'The report contains a lot of good ideas, for example on judicial continuity and fast-tracking at least some cases. If it had gone further – especially on a presumption of shared parenting (not the same as a 50/50 split of time spent with each parent) – we would have a family law system that genuinely encourages both parents to play a significant role in their child's life following separation or divorce.
'We are a long way off understanding how these proposals, if implemented, would work in practice and whether they would achieve an environment where post separation parenting is shared. For example, this week it has been reported that a significant relationship with a father could be maintained over thousands of miles via Skype. Enshrining a presumption of shared parenting in UK law would be a more certain way to achieve the aim of the reforms proposed by the Review Panel.'
The Magistrates' Association welcomes the interim report of the Family Justice Review, recognising as it does the invaluable contribution that magistrates make within the family courts. Over half of all public law cases and a rising percentage of private law ones are handled by magistrates sitting in the family proceedings courts. The review proposals will present a significant challenge to all participants in family proceedings to measure up to its aspirations – not least HMCS as it seeks to reduce the resources allocated to support the judiciary in their vital work of protecting and promoting the best interests of the children whose cases come before them.
Malcolm Richardson, chairman of the Magistrates' Association Family Courts Committee, said:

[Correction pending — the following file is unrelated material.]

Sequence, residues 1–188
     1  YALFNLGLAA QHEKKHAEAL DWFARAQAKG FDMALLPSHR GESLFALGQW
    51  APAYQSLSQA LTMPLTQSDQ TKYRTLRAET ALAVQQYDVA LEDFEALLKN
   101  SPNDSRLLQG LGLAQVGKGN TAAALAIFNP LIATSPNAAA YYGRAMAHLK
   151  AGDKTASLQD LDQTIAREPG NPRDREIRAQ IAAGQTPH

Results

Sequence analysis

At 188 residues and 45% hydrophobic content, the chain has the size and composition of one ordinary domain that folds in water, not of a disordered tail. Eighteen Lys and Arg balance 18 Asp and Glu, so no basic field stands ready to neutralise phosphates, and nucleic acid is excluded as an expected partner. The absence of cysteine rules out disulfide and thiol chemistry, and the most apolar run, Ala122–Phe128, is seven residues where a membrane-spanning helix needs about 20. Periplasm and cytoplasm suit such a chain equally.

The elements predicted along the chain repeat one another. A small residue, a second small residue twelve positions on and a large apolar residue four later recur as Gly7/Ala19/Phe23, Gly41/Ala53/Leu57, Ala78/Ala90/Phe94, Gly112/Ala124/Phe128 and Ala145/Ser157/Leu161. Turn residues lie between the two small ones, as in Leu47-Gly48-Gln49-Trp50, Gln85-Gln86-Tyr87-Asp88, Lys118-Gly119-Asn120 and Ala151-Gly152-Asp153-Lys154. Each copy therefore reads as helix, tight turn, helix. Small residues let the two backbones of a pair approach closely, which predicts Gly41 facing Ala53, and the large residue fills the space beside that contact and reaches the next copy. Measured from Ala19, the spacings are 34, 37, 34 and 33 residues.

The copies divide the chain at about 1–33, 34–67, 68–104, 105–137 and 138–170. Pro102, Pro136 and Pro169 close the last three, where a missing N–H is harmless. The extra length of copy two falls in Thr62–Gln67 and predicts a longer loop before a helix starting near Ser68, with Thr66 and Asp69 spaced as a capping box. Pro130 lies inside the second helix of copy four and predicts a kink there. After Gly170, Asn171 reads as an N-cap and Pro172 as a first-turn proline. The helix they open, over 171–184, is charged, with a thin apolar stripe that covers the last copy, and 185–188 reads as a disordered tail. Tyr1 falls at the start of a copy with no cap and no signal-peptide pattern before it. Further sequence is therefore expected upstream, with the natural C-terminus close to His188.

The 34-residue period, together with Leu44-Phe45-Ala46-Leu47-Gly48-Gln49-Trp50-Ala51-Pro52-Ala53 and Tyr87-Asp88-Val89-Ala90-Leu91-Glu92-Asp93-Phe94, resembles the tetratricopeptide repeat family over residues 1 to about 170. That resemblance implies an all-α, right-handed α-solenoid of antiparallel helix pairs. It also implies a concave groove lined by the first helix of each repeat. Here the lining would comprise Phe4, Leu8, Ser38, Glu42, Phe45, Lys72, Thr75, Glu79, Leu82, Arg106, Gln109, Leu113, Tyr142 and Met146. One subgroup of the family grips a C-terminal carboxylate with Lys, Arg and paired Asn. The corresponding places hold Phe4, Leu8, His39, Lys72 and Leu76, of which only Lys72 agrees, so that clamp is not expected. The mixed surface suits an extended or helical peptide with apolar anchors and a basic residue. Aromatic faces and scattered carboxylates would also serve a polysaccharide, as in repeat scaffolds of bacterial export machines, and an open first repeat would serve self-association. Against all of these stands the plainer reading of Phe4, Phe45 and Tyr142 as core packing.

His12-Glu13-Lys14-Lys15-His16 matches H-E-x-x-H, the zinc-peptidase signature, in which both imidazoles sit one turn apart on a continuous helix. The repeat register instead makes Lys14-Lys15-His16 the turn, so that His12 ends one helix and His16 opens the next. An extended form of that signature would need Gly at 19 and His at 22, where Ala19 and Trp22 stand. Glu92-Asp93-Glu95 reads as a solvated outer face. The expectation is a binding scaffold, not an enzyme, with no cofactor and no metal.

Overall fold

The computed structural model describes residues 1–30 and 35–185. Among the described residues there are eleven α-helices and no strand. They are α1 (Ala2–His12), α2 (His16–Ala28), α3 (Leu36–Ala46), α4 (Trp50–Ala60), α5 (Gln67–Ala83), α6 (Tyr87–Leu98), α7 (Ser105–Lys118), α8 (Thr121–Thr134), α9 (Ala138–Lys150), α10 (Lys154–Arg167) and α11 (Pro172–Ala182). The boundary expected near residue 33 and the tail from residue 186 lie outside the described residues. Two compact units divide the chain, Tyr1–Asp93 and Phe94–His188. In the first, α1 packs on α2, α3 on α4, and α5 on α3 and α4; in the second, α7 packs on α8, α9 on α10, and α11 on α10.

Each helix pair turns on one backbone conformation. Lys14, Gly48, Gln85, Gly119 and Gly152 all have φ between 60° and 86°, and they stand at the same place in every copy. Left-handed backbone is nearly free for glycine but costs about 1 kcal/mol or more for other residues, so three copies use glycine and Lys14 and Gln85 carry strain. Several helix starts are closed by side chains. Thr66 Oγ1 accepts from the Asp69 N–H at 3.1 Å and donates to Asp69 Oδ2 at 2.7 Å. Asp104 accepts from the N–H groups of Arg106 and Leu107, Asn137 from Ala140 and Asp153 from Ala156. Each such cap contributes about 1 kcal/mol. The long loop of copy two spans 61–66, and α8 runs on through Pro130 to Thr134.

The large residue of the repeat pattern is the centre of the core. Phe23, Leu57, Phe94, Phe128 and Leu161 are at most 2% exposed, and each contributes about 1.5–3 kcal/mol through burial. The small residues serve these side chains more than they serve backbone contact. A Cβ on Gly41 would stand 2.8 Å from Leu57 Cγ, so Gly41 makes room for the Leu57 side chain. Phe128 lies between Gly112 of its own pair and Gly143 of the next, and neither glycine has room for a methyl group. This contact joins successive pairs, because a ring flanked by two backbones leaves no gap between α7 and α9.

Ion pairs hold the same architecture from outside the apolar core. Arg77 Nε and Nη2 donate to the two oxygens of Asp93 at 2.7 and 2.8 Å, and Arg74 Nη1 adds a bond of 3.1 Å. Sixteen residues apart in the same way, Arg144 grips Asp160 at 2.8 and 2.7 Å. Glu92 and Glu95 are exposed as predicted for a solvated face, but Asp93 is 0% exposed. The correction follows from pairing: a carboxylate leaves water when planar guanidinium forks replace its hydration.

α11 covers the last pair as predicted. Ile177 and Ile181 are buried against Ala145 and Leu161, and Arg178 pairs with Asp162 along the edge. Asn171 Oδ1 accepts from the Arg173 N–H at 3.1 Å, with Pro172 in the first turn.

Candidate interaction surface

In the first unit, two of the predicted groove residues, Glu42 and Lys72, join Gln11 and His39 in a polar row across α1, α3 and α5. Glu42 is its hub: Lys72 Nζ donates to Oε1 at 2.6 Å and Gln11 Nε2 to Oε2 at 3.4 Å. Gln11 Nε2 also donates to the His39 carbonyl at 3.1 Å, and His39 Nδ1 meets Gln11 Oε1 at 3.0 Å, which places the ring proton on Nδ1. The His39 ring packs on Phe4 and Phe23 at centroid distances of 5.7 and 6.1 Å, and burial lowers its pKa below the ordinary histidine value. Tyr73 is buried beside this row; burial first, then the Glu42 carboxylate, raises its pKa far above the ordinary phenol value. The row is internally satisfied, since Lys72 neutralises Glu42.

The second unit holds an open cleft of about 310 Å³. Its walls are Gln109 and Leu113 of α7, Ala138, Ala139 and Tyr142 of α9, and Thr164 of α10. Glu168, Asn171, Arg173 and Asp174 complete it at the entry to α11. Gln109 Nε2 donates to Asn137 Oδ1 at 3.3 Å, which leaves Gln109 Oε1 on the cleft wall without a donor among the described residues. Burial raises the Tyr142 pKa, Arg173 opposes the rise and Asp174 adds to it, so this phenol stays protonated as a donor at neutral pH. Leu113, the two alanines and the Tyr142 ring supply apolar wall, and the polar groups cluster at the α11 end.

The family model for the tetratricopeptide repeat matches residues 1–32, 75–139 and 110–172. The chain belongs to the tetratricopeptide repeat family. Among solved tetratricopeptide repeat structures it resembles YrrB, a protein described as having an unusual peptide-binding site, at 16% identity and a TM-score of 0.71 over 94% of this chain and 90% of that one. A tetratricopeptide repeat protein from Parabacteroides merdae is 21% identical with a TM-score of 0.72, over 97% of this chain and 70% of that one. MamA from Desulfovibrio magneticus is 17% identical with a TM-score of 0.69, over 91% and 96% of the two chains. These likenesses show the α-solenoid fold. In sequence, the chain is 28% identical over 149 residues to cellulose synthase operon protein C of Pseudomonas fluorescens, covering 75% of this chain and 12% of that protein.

'We particularly welcome the proposal to create an integrated family justice service including the responsibilities now held by CAFCASS, and the devolution of decision making to a local level where magistrates and judges can exercise influence over the services they require to successfully discharge their duties to the children involved in litigation.'
Children's Commissioner for England
Commenting on the Family Justice Review's interim report, Deputy Children's Commissioner for England Sue Berelowitz said:
'We are pleased the review has reaffirmed the significance of the Children Act 1989 and its requirement that the interests of the child are paramount. In particular we are delighted to see the emphasis placed on hearing children's views which is in accordance with Article 12 of the United Nations Convention on the Rights of the Child. Additionally we support the review's recommendation that the court process will be speeded up to achieve timely decisions for children.
'We welcome the proposal to establish a new Family Justice Service and the confirmation that the vital role of Children's Guardians in ascertaining children's best interests will be maintained.
'There are grounds for optimism that the overall impact of the review recommendations will make the system more child focussed and able to work better, for children young people and families.'
Family Law Bar Association
Stephen Cobb QC, Chairman of the Family Law Bar Association, said:
'We welcome its comments about the commitment of all those working in the family justice system and are pleased to see a clear recommendation for systemic change in the operation of the family courts.